by Matthew McDermott, Brooklyn, NY on 10. 2.08
The type of water conditions these programs are attempting to address, photo: McKay Savage.
Last week a new water and sanitation program was announced at the Clinton Global Initiative that's so large it got dubbed a 'mega-commitment'. One of the groups participating in the initiative is Global Water Challenge; and after one long day of plenary sessions, working groups and 'round the coffee cart chatting I had a chance to sit down with GWC Executive Director Paul Faeth to ask him about some of the innovative entrepreneurial water projects being funded through the Changemakers competition, with which GWC has been involved. I asked him to pick three out of all the worthy projects in development to highlight for TreeHugger readers:
Community-Based For-Profit Projects Work
Before diving into descriptions of any of these projects, Faeth pointed out that after five years some 40-60% of rural water and sanitation projects fail. Under many aid programs the local capacity needed to do maintenance and repair on the facilities isn't developed, little money is generated to fund these repairs, etc. But by using a community-based for-profit model, such as all of these use, similar development projects have a greater chance of succeeding.
photo: Manna Energy Foundation
Manna Energy Foundation: Clean Water & Biogas in Rwanda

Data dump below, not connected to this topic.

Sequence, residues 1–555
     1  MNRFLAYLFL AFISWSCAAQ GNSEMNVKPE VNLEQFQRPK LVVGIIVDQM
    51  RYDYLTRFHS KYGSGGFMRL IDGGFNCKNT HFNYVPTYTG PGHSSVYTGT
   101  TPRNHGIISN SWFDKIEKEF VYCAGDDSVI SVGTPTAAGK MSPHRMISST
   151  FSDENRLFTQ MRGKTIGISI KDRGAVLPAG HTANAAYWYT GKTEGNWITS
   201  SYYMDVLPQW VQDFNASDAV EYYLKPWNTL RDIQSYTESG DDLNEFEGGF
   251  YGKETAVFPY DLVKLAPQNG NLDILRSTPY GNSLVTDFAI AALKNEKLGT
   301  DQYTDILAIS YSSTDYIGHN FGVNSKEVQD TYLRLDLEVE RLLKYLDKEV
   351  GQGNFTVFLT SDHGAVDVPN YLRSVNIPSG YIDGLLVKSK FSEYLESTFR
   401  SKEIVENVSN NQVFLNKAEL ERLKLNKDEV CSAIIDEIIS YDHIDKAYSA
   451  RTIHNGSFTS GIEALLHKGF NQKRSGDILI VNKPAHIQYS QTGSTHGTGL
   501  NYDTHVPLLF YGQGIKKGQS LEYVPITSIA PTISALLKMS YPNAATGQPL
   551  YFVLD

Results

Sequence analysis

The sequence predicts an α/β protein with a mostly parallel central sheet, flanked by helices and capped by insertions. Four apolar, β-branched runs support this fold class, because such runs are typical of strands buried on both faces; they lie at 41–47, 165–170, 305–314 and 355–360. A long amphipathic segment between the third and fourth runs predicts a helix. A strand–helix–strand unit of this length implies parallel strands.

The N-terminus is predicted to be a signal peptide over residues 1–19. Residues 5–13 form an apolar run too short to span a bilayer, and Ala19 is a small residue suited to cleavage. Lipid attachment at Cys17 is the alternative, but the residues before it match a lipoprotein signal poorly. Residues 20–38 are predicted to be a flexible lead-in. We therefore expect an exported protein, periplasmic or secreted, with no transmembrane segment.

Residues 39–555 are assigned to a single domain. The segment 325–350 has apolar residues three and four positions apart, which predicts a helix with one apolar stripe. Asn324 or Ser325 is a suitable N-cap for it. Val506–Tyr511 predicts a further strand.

The Manna Energy Foundation is a Houston-based company aiming to install 500 water treatment systems for secondary school in Rwanda. The doubly interesting aspect of the program is that in addition to supplying clean water to some 236,000 students, it will also be installing biogas generators. These waste-to-energy system will generate clean energy, earning an estimated $70 million in revenue in three years through selling carbon credits into the EU market.
GWC's promotional literature describes the project more fully:
The water treatment plants will be gravity filtration systems with a pass under solar-powered ultraviolet light which together bacterially decontaminate the water, making it safe for drinking, food preparation and personal hygiene. The biogas generators will take human and kitchen waste and capture the waste methane. The methane is then provided as fuel for high efficiency cook stoves. [...]
Manna will apply UN carbon emission reductions for the treatment of this water. It is the first organization to attempt to do this based on the premise that a liter of water is treated is a liter of water that no longer "should" be boiled [TH note: and energy expended in doing so] for an equivalent public health increase.
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